The New York Islanders only showed up for one period on Wednesday night and, thanks to Thomas Greiss, nearly got away with it.
But a late Shea Weber blast on the Canadiens’ only power play of the night gave Montreal their third lead of the night and the game winner with under three minutes to go.
The Nick Leddy slashing penalty to enable that goal was just the second call of the night. The first one, which didn’t come until five minutes remained in the second period, allowed the Islanders to stay in the game after John Tavares tied it at 1-1 late in the second.
Other than that, the first two periods were all Montreal, and all Greiss. Though registered shots were 8-5 for the Isles in the first, that didn’t reflect the onslaught of scoring chances for the Habs and just sloppy and lifeless play by the Isles.
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They survived a scare when Anthony Beauvillier took a point blanks shot off the outside of the knee that immediately brought him to ground and, once tended to, straight to the locker room under assistance. He’d return later in the game, but you wonder if that will swell up after travel for tomorrow’s road game in Pittsburgh.
With the Islanders showing no life and lucky to be in a 1-1 game at the second intermission, Jack Capuano went “full mix” on the line blender. Among the changes, Anthony Beauvillier returned to the game and took Andrew Ladd’s slot next to John Tavares and Josh Bailey.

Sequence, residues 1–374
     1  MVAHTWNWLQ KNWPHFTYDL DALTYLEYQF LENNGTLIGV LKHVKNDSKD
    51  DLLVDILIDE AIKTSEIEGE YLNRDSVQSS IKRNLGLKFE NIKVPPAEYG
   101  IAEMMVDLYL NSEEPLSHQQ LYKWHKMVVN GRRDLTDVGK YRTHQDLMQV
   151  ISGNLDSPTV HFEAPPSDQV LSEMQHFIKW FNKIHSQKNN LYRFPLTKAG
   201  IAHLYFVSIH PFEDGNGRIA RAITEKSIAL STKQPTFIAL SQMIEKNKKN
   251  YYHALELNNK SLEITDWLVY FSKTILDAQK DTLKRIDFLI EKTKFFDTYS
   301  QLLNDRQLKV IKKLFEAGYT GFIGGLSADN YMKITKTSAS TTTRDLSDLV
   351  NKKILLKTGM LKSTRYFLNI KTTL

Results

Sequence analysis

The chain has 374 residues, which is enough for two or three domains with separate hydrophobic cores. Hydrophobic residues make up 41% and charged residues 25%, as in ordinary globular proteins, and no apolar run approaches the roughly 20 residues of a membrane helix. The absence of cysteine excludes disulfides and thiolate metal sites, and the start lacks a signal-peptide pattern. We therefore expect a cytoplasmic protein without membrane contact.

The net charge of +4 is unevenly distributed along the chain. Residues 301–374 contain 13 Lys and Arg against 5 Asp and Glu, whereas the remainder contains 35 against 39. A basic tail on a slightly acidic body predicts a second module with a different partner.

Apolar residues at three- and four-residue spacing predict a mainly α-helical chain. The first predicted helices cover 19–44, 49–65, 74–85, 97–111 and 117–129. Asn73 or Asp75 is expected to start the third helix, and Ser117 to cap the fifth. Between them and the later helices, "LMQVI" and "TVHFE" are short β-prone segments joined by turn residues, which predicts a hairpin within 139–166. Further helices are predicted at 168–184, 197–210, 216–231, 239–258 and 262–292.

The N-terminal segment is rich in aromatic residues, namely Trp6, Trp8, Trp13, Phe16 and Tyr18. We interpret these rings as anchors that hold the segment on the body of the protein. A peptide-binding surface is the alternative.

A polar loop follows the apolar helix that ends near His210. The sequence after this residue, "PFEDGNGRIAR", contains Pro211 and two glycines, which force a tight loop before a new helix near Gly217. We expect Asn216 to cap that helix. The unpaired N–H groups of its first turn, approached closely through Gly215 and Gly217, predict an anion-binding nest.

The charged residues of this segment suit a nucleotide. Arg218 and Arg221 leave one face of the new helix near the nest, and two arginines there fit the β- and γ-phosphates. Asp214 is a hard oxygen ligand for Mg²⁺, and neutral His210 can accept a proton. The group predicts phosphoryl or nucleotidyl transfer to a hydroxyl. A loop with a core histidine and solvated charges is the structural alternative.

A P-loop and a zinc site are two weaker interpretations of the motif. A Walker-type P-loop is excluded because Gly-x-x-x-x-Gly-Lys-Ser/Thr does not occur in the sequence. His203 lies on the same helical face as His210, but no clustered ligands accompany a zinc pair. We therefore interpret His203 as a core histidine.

With the “Kid Line” of yore back together, Brock Nelson had an outstanding chance from the low slot, set up by Ryan Strome and Anders Lee’s forecheck, but snuffed out by Al Montoya as tensions escalated following the whistle.
Sometimes teams come to life when they know they’re dealing with house money, as the Isles were needing just to win a 20-minute period after loafing through the first 40.
That certainly was true of the Isles in the third, but every time it looked like they would cash in on their luck, the Canadiens took the lead back.
Phillip Danault followed consecutive shifts of Isles pressure to convert on a Habs counterattack against the run of play at 11:21 to make it 2-1.
The Isles answered with more pressure, and Dennis Seidenberg’s whistler found its way through several bodies to tie the game at 2-2 less than three minutes later. But the late Montreal power play tempted the hockey gods to even the ledger, and Weber’s much-feared slap shot administered the karmic justice.
An Isles fan can take solace that Weber’s shot didn’t take off Travis Hamonic’s head off, as it looked frighteningly close.
Can't believe Hamonic tried to get in front of this. https://t.co/feZf3h39fO— Elliotte Friedman (@FriedgeHNIC) October 27, 2016
Though the third period may have given us a glimpse of how the Isles are supposed to be playing, the final result was appropriate and fair. The Islanders’ futility against the Habs lingers into a new season, and their record falls to 3-4 before a tough meeting with the defending Stanley Cup champs tomorrow night.